Curly-leaf pondweed (Potamogeton crispus)
Common names: Curly cabbage, crisp pondweed.
Location: Grows from the shore to depths of up to 15 feet.
Description: Leaves are somewhat stiff and crinkled, approximately 1/2-inch wide and 2 to 3 inches long; leaves are arranged alternately around the stem, and become more dense toward the end of branches; produces winter buds can be confused with claspingleaf pondweed.
Hints to identify: Has small "teeth" visible along edge of leaf; begins growing in early spring before most other pondweeds; dies back during midsummer; the flower stalks, when present, stick up above the water surface in June; appears reddish-brown in the water, but is actually green when pulled out of the water and examined closely. Easily confused with claspingleaf pondweed, which has leaves with no "teeth" around their edges.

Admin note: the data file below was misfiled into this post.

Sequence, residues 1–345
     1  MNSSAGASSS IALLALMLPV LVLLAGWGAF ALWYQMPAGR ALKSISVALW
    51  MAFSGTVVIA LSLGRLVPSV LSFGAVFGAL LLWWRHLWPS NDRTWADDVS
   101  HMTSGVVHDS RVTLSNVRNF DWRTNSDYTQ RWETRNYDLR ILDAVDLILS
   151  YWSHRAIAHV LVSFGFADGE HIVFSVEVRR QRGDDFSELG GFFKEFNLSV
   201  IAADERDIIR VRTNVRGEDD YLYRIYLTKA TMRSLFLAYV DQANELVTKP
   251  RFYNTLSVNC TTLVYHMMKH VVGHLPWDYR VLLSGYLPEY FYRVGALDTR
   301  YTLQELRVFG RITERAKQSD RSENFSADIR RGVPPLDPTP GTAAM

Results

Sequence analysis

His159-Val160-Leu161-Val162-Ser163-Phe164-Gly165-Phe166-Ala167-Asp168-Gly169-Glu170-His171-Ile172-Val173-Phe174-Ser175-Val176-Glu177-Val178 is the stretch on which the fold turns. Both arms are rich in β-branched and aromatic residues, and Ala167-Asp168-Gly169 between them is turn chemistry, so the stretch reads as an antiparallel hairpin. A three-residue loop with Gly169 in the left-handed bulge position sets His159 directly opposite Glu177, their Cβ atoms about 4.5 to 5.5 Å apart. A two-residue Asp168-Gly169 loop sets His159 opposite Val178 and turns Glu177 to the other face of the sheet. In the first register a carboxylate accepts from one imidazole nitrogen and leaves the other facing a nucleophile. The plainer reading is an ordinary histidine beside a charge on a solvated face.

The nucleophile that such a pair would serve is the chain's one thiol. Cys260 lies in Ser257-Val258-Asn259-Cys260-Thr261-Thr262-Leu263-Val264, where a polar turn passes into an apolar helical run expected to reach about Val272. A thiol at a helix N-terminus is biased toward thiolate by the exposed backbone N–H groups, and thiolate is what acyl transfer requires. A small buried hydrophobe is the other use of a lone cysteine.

Importance of plant: Provides some cover for fish; several waterfowl species feed on the seeds; diving ducks often eat the winter buds.
Management strategy: See DNR regulations. Like Eurasian watermilfoil, curlyleaf pondweed is not native to the United States and often causes problems due to excessive growth. When control is necessary, herbicides and harvesting can be effective. Grants are available for control efforts on a lake-wide basis.